MISSION shRNA has been shown to knockdown expression of Smad3 in direct intramuscular injections (Carlson et al., 2008). Older muscle satellite cells have a reduced muscle regeneration capacity compared to younger muscle satellite cells due to an imbalance in endogenous Smad3 and Notch expression. The authors of this paper hypothesized that this imbalance was due to an increase in Smad3 expression in older muscle satellite cells. When they injected Smad3 shRNA intramuscularly into damaged muscle tissue, the older muscle tissue was able to recover its regenerative capacity when assayed five days post-injection. The authors found that a balance between endogenous Smad3 and active Notch controls the regenerative competence of muscle satellite cells.

Figure 3 shows hematoxylin and eosin staining of young and old muscle tissue and the corresponding Hoechst staining (blue) and myosin heavy chain antibody staining (green). BrdU staining and the eMyHC antibody staining is shown in the offset images.

Figure 3. Localized injection of MISSION in vivo Smad3 shRNA (intramuscular) rescues muscle regeneration capacity.*
When Smad3 is silenced via multiple doses (50,000 TU/injection) of lentivirus carrying an shRNA to the Smad3 gene, the older muscle is able to recover its regenerative capacity (B) relative to younger muscle (A). Any properly planned in vivo experiment should always include a non-target shRNA control, SHC002V (D), and an untransduced control (C) to demonstrate the specificity of the shRNA being used. The regenerative capacity was visualized via IHC-staining for myosin heavy chain (eMyHC, green). eMyHC is an antibody that will help characterize myosin heavy chain during muscle fiber development and regeneration.

*Carlson, M.E., et al., Nature 454, 528-534 (2008).

Xenograft model using MISSION lentivirus

MISSION lentivirus has been successful in a xenograft mouse model. HeLa cells were transduced with far-red fluorescent protein (TagFP635) lentivirus and injected subcutaneously into a nude mouse. Figure 4 shows strong local fluorescence of the resulting HeLa cell tumor expressing far-red fluorescent protein in mice.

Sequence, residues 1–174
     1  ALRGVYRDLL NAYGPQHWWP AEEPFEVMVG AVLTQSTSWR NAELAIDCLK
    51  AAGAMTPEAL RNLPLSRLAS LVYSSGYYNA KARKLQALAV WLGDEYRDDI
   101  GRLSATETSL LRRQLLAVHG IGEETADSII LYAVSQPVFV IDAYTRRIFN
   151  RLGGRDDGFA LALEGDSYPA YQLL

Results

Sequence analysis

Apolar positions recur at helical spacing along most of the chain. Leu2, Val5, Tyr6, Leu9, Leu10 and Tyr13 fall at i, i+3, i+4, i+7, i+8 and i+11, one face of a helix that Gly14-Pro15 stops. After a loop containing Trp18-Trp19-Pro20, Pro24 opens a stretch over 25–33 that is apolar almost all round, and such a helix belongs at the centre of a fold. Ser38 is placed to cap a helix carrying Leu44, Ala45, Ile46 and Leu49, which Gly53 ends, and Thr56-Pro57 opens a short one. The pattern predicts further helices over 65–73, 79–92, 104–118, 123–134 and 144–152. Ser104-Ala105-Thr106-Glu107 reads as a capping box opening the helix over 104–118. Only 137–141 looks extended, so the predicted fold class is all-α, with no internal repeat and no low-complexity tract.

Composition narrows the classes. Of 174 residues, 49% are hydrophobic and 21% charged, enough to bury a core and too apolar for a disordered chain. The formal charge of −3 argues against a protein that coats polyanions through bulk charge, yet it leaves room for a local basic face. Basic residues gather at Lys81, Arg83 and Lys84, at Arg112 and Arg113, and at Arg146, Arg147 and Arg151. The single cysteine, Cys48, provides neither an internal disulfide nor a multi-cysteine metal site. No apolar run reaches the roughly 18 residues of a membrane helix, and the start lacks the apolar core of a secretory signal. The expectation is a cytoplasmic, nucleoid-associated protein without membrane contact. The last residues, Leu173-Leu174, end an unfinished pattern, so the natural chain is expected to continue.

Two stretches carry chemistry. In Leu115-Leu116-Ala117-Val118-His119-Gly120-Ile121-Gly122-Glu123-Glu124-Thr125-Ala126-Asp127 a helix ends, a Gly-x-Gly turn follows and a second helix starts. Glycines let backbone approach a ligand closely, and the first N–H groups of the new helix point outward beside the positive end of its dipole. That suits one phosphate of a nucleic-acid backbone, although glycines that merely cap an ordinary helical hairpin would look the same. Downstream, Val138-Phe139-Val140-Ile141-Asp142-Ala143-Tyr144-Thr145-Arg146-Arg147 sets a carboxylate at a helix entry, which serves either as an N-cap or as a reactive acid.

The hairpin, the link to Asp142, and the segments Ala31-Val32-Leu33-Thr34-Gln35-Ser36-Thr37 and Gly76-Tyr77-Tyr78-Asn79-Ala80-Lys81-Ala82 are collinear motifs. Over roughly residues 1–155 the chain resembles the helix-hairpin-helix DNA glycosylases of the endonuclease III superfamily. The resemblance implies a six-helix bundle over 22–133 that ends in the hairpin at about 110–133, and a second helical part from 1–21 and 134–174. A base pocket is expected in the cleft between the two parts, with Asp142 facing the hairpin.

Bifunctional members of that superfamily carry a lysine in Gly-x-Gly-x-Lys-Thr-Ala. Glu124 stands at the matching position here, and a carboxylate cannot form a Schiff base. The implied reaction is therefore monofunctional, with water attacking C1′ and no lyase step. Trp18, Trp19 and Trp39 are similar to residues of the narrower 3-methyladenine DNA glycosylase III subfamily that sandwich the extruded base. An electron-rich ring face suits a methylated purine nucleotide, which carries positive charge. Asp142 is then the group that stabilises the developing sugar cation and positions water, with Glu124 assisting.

Figure 4. Xenograft model using MISSION in vivo lentivirus.*
In vivo fluorescence imaging of the subsequent HeLa tumor expressing far-red fluorescent protein in live mice.

*Image courtesy of University of Notre Dame.

Selected references for in vivo lentiviral applications

  • Wiederschain, D., et al., Single-vector inducible lentiviral RNAi system for oncology target validation. Cell Cycle 8, 498-504 (2009). Pubmed ID 19177017.
  • Krishnamachary, B., et al., Noninvasive Detection of Lentiviral-Mediated Choline Kinase Targeting in a Human Breast Cancer Xenograft. Cancer Res. 69, 3464-71 (2009). Pubmed ID 19336572
  • Carlson, M.E., et al., Imbalance between pSmad3 and Notch induces CDK inhibitors in old muscle stem cells. Nature 454, 528-534 (2008). Pubmed ID 18552838
  • Croyle, M.A., et al., PEGylation of a vesicular stomatitis virus G pseudotyped lentivirus vector prevents inactivation in serum. J. Virol. 78, 912-921 (2004). Pubmed ID 14694122
  • Pan, D., et al., Biodistribution and toxicity studies of VSVG-pseudotyped lentiviral vector after intravenous administration in mice with the observation of in vivo transduction of bone marrow. Mol. Ther. 6, 19-29 (2002). Pubmed ID 12095299

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MISSION is a registered trademark of Sigma-Aldrich Co. LLC Label License. TO-PRO is a registered trademark of Molecular Probes, Inc. TurboGFP and TagFP635 are trademarks of Evrogen Co.